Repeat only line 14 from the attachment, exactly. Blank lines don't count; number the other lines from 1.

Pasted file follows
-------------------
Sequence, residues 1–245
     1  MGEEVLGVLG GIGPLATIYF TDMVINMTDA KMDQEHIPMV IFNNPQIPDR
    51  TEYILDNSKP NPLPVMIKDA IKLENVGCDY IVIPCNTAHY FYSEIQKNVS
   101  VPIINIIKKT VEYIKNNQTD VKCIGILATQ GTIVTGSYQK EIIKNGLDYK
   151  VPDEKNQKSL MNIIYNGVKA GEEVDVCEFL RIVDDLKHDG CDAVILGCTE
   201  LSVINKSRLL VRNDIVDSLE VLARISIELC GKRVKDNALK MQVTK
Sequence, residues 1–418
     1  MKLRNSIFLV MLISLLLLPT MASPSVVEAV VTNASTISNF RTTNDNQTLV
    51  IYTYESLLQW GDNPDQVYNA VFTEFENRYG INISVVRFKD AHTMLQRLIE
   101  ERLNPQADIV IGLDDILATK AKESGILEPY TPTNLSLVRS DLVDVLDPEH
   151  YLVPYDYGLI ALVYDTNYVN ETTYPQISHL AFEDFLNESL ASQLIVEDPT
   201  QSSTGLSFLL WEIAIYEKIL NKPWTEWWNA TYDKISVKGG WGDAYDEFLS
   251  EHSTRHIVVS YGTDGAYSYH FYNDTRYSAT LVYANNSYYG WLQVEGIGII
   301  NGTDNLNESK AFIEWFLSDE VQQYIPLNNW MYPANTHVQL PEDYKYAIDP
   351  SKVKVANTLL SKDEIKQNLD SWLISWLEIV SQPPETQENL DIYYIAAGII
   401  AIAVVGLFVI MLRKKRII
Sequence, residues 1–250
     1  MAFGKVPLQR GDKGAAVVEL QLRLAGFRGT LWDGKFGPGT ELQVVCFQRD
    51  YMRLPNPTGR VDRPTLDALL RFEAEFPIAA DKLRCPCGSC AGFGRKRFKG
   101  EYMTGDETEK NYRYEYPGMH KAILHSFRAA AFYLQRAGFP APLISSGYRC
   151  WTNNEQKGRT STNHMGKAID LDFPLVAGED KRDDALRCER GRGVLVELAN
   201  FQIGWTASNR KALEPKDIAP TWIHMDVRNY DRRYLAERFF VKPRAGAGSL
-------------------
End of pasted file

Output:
   301  NGTDNLNESK AFIEWFLSDE VQQYIPLNNW MYPANTHVQL PEDYKYAIDP